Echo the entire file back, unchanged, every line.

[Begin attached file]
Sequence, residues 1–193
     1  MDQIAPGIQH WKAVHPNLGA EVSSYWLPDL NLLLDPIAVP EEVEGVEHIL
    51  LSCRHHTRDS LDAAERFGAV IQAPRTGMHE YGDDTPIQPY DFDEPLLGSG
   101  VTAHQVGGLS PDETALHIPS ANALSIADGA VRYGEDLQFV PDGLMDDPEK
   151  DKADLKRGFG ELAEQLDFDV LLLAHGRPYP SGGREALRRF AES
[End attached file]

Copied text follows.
Sequence, residues 1–193
     1  MDQIAPGIQH WKAVHPNLGA EVSSYWLPDL NLLLDPIAVP EEVEGVEHIL
    51  LSCRHHTRDS LDAAERFGAV IQAPRTGMHE YGDDTPIQPY DFDEPLLGSG
   101  VTAHQVGGLS PDETALHIPS ANALSIADGA VRYGEDLQFV PDGLMDDPEK
   151  DKADLKRGFG ELAEQLDFDV LLLAHGRPYP SGGREALRRF AES